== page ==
Despite the sad fact that the species is dwindling, India is still known as the “Land of the Tiger”. Rarer still is the White Tiger, Panthera tigris, the albino tiger. The White Tiger has become legendary around the world, captivating zoo-goers, wowing Vegas magic audiences, and even serving as the ultimate gift to heads of state. With long ties to India, the White Tiger remains symbolic of that countries’ uniqueness, power, grace, and stature. With his Man-Booker prize winning book, White Tiger, Aravind Adiga takes a cynical look at his native land and helps to demolish such hubris-filled symbolism. His is a nasty, satirical, gloomy vision of the land worshiped by those who long for an overthrow of American hegemony.
As the world sinks into a recession, verging on depression, it is funny to think back just three years to the flurry of books like The World is Flat which foretold the future dominance of India and China in the global market. It was vogue to bash the United States, the world leader in freedom of politics (Democracy) and economics (Capitalism). Amazingly, these two parenthetical words have lately been tarnished due to their chemical bond with the rusting hulk of America’s reputation. Freedom must not be cool anymore, because the elitists have latched onto the oppressive regimes of Venezuela, China and India as global economic leaders. Only in the United States has it become kosher to bash your native land.
Adiga proves otherwise in this raucous tale of caste disorder, Indian slums, government corruption, greed, avarice, materialism, familial rot and general lawlessness. And he does it through the eyes of Balram Halwai, the most despicable protagonist since Toole’s Ignatius Reilly from Confederacy of Dunces. Balram is portrayed as a typical Indian from a typical family in a typical village. The streets run with filth, feces, and the spittle of paan-chewers. Family members overpower one another with guilt, squeezing every last rupee out of one another. The family water buffalo is afforded more respect than any other member of the clan. The boys are married off for a dowry of trinkets and the girls are seen as nothing more than a drain on the family’s wealth.
All of this is just the tapestry, unrolled in the background, the real story is one of a solitary murder, and the rationalizations of that murder as Balram narrates the events of his recent past. Told over seven days, Balram is relating his story via e-mail, in frenetic sessions at two in the morning to a visiting Chinese dignitary. Arriving with hopes of touring the new, progressive India, Balram wants to enlighten the foreign guest by showing him the REAL India. It is through this vehicle that our author, Adiga is allowed to do the same for the real tourists: We, the readers.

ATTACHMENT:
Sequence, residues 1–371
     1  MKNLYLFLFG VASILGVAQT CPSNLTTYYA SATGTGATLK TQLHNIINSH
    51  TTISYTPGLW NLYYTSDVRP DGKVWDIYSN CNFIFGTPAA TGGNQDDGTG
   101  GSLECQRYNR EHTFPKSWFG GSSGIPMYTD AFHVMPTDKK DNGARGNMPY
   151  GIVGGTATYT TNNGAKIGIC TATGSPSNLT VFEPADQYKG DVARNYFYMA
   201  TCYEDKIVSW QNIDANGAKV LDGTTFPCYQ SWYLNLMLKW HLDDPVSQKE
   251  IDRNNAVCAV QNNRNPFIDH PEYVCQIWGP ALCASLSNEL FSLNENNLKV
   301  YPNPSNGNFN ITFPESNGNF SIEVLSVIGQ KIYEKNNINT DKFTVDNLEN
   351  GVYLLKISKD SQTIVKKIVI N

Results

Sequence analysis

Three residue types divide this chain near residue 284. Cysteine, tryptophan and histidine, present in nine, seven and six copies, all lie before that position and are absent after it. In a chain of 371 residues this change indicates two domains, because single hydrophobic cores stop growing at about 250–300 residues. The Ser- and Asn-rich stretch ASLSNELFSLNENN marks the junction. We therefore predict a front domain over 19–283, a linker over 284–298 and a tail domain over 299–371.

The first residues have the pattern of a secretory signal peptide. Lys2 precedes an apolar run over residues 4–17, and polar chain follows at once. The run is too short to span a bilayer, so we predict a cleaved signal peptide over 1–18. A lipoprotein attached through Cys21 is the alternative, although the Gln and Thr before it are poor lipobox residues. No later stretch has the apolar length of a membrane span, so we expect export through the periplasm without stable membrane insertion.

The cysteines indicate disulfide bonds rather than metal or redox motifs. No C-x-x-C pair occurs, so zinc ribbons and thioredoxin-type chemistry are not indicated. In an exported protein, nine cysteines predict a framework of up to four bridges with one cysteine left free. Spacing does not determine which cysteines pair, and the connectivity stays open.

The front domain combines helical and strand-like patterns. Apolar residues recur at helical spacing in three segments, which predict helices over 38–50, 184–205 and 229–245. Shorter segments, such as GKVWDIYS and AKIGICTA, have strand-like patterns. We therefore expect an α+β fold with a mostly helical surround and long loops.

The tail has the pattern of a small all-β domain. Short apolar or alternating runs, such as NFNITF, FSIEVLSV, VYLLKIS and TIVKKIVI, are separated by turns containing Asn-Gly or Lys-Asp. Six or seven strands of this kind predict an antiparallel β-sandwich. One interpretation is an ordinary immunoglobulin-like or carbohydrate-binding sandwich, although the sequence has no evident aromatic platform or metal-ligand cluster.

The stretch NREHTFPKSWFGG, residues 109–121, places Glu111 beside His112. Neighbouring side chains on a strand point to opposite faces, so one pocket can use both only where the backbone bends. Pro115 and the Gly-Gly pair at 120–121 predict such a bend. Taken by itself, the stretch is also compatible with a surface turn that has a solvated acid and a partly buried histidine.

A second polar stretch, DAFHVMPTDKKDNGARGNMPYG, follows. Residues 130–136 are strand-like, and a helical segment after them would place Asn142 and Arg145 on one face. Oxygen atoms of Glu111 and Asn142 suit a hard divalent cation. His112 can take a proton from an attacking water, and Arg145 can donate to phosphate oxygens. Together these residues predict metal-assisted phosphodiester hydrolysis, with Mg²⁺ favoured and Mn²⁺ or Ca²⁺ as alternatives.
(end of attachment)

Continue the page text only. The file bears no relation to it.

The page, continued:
This book is more for literary fans than fans of crime fiction. There is only one murder, and even though it drives all other events in the tale, this book will appeal more to people who are interested in headlines, history, and politics. In these areas, the book excels. It is a masterpiece of local color, of descriptiveness in the darker hues. There is nothing beautiful here other than the writing talents of one of the lucky billion to have survived the India he describes.
As sad as it is to be smeared with the filth of India, it is a refreshing, normalizing experience. I grow weary of hearing how shitty my country is and how perfect it is everywhere else. What the Olympic scrutiny of China did for that country, this book has done for India. Just don’t mistake my glee for a case of schadenfreude; I am the eternal optimist who cannot mistake the glaring signs of progress all over the world in every area imaginable. I just hate that my own optimism is overshadowed by the ridiculous expectations that America-haters place on the developing world, which still has a very long way to go indeed.
I am convinced that more progress could be made via optimistic hard work than through the hate-filled revolutions that fanatics from both wings attempt to wage. But hard work is impossible when we do not begin from a place of honest introspection. Lying to ourselves about how horrible our world is and how much better things are elsewhere are self-defeating and impediments to progress. I applaud Aravind Adiga for his help in keeping us grounded and aware, and showing us what improvements to strive for.
A wonderful read, this book is one that I would recommend to our regular posters over on our “Three Things” forum. I don’t know how much it would appeal to regular crime readers, since it is a tad unusual for the genre. I want to give the book 3.5 stars, but rounded down for not quite fitting in here.